Dante Gabriel Rossetti’s painting “The Wedding of St. George and Princess Sabra” was completed in 1857 and is a prominent example of his romanticism style. In the painting, St. George is depicted resting after slaying the dragon, while threading a lock of Princess Sabra’s hair through his helmet. Rossetti depicted himself as St. George and Elizabeth Siddall as Princess Sabra, shortly before her death from an overdose of laudanum.
Beyond the painting, Rossetti also created stained glass windows depicting the same story. The artwork features St. George and Princess Sabra in intimate poses that signify their love for each other. The painting captures their happiness after overcoming adversity and triumphing over evil.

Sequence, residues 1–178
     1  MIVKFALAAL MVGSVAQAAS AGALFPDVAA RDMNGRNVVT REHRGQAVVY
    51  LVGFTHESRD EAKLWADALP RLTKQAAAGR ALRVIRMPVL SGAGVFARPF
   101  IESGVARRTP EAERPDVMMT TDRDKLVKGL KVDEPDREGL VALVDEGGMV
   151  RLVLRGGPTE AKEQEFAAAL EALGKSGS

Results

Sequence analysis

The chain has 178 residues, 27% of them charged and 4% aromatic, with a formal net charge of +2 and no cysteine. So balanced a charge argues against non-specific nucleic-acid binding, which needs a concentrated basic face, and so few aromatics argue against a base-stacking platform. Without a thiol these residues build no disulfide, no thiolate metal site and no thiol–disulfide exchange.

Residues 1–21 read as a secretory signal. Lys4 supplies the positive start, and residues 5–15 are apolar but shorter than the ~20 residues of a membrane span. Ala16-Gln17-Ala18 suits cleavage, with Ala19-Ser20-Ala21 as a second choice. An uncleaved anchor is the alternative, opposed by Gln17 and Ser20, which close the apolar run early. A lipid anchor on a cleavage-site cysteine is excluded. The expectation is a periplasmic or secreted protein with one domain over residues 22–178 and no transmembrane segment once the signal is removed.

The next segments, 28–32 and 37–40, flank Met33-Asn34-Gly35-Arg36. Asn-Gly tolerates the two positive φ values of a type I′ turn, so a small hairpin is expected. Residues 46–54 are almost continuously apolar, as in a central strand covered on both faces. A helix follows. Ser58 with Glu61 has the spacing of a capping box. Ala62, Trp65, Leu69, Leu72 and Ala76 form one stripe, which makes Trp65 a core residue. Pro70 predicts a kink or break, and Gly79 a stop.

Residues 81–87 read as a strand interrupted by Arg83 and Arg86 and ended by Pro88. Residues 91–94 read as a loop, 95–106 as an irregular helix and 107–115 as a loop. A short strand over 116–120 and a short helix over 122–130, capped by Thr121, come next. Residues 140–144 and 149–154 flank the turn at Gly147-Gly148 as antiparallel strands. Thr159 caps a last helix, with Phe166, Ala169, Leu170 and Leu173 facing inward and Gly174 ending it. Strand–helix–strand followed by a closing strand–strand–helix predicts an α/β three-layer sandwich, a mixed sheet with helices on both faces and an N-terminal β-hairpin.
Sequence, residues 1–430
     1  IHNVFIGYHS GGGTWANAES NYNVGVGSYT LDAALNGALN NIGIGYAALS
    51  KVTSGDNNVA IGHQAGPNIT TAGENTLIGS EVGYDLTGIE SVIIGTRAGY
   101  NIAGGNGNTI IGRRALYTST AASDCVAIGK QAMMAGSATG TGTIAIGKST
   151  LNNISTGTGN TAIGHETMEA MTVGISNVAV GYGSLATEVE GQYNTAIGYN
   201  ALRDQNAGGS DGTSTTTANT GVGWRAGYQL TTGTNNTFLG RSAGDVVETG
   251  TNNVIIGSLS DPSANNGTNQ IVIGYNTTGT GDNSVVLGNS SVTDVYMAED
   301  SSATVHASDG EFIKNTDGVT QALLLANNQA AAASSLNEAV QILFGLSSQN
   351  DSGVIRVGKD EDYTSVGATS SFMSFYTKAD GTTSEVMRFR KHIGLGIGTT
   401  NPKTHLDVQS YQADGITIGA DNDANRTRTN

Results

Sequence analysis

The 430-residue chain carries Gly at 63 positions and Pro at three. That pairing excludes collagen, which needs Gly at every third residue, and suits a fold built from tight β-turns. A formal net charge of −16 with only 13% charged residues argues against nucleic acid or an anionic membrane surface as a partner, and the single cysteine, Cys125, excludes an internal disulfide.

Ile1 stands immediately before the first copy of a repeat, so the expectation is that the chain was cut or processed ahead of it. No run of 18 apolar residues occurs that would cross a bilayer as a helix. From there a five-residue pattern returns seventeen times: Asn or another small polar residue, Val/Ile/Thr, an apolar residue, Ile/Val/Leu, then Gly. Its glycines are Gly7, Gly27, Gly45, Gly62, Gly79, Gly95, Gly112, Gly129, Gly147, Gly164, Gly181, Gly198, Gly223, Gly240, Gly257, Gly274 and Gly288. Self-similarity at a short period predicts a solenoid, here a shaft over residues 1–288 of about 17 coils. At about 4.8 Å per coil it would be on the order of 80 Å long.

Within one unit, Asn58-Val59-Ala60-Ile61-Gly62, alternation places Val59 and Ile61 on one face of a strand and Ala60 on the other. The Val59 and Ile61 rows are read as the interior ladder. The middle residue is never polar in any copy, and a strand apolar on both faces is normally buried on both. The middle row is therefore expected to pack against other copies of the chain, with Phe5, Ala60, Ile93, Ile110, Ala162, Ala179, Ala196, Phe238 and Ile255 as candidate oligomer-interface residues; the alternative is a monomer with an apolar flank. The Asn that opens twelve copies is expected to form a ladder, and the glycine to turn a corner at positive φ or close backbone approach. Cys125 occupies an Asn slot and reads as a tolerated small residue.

“The Wedding of St. George and Princess Sabra” is part of Tate Britain’s collection and available for download under a Creative Commons license. This notable artwork by Rossetti showcases his impressive artistic skills that capture detailed emotions through bold colors and dramatic gestures.
Overall, “The Wedding of St. George and Princess Sabra” is an important part of art history that highlights Rossetti’s romanticism style while telling a story about love conquering all challenges thrown its way – even dragons!